Lords back BASW against Gove's adoption plans
BASW has been backed by the House of Lords in refuting suggestions by ministers that “politically correct” social workers are causing delays to the adoption of ethnic minority children in England through an apparent obsession with finding the perfect cultural match.
Education secretary Michael Gove has proposed plans to speed up the adoption of ethnic minority children by reforming the Adoption and Children Act 2002.
The changes would remove the current focus on adoption agencies to give consideration to religious persuasion, racial origin and cultural and linguistic background when matching children with prospective adopters.
A House of Lords Select Committee inquiry was set up to scrutinise the proposed legislative change, and heard evidence from a range of organisations and individuals, including BASW.
The Association stressed that issues of race, ethnicity and language cannot be ignored, but denied social workers routinely place undue focus on this at the expense of finding good matches.
The Select Committee’s pre-legislative review concluded: “We have heard evidence that delay is sometimes caused by the search for a perfect ethnic match, although it is unclear how widespread the problem is.
“Overall, the evidence we have received does not suggest that this is such a significant problem that legislative change is necessary.”
On the issue of ethnic matches, the report concludes: “We share the Government’s belief that children should not experience undue delay whilst a search for a perfect or near perfect ethnic match takes place. We do not, however, believe that considerations of race, religion, culture and language should be neglected altogether, as they are all components of a child’s identity.”
The committee recommended that a “welfare checklist”, including matters of ethnicity, religious and cultural background and language, should be embodied into any reform of the Act.
BASW professional officer Sue Kent welcomed the findings. “It is so refreshing that we have some parts of our system which are listening to us.
“Over the last few months we have heard Mr Gove and his colleagues suggest social workers have been slow in matching children and moving adoptions to completion. He claimed this is putting off prospective adopters and this is why there is a shortage of about seven children per one adopter at present.
“But after hearing evidence from a range of parties, including BASW, the Select Committee concluded that children’s ethnicity is extremely important in developing a successful identity and every effort should be made to ensure adopters can meet these needs.”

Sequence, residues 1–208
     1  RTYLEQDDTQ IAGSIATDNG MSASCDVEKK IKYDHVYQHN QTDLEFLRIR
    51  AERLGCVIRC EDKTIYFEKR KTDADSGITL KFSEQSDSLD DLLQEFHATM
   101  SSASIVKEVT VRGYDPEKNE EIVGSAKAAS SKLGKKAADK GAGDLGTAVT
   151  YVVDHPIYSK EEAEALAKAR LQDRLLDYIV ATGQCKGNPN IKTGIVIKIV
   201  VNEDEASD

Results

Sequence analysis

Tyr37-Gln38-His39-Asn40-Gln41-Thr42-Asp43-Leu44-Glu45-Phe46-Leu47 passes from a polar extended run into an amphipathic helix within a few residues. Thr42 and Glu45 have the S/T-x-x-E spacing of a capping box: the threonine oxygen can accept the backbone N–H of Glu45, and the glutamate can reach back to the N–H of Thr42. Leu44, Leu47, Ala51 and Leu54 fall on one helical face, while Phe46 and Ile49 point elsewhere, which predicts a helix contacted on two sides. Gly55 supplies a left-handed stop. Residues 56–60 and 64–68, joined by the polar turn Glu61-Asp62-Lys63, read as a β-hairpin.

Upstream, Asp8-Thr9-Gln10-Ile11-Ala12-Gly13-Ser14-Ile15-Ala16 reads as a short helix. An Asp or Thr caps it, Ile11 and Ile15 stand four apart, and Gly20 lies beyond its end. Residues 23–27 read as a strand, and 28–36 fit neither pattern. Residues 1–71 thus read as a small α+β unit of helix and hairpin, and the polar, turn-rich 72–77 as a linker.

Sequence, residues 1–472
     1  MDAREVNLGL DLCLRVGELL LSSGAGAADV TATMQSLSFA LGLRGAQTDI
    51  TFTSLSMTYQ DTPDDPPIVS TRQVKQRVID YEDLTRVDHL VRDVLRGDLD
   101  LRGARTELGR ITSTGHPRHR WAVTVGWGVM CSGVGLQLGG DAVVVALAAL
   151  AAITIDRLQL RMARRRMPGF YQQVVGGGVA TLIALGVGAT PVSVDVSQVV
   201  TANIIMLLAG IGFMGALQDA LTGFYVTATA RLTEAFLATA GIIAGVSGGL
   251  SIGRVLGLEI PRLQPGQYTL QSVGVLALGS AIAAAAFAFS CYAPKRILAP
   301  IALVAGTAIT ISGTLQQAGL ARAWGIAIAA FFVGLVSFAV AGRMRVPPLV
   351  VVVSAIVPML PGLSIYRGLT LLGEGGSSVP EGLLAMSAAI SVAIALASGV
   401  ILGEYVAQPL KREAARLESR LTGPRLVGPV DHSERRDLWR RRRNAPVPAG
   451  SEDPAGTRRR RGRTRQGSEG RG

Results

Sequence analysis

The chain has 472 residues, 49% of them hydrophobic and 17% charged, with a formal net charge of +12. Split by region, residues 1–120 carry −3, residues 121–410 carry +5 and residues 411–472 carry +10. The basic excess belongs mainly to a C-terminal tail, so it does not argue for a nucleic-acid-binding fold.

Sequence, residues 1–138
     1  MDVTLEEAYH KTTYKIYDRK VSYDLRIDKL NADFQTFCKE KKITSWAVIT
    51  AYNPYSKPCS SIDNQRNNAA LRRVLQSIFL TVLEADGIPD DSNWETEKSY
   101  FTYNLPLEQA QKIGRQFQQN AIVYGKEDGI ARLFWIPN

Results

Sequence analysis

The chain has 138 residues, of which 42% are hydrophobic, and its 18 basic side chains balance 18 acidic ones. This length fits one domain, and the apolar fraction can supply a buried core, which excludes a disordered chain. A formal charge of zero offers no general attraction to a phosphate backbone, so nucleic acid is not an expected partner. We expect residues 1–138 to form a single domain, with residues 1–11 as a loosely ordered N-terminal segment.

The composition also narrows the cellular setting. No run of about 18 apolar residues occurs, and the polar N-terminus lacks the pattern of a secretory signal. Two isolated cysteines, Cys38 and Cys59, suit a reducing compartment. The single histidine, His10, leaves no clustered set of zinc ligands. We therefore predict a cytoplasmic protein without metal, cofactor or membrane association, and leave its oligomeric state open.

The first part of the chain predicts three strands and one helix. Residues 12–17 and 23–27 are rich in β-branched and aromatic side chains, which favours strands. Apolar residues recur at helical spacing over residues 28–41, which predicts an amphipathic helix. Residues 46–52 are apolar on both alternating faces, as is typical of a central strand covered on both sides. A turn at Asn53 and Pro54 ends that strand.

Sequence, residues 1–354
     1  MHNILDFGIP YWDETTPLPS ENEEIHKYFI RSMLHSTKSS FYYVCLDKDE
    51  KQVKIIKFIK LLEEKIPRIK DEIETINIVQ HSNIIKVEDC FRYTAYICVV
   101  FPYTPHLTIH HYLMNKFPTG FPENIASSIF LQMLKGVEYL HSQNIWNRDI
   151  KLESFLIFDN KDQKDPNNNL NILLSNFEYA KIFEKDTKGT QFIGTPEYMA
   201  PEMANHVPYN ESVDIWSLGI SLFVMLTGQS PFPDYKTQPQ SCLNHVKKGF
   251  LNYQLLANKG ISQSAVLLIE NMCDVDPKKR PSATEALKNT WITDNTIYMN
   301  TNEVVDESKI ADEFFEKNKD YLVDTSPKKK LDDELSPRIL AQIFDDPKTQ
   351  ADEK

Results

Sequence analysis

Ms Kent said if ministers wanted to speed up the adoption of ethnic minority children, they would be better off putting more resources into the system.
“We need more social workers to allow the time to train and assess prospective adopters; Cafcass workers to address adoption cases in court; better administration; more efficient family courts and increased support both pre-adoption and post-adoption.”
The Select Committee’s findings will come as a blow to ministers pushing for reform.
Unveiling the Draft Legislation on Adoption in November, Mr Gove said: “Edicts which say children have to be adopted by families with the same ethnic background and which prevent other families adopting because they don’t fit leftwing prescriptions are denying children the love they need. This misguided nonsense punishes those who most need our help.”
BASW, in its submission to the Select Committee inquiry, challenged this view, stating: “We are disturbed that recent government comments about this give rise to unhelpful stereotypes of social workers as being overly rigid as a result of ‘political correctness’. This is not the case but certainly plays into the hands of some of our less well informed colleagues in the media.”
BASW professional officer Nushra Mansuri said though it was right for adoption agencies to consider a child’s ethnic and cultural background, this did not mean they could only be placed with adopters with the same ethnicity.
“It means they need to be placed with adopters who are sensitive to all their needs and possess the skills, knowledge and understanding to help them to build positive identities.”
* Look out for an indepth interview with the government’s “adoption tsar” Martin Narey in February’s issue of PSW.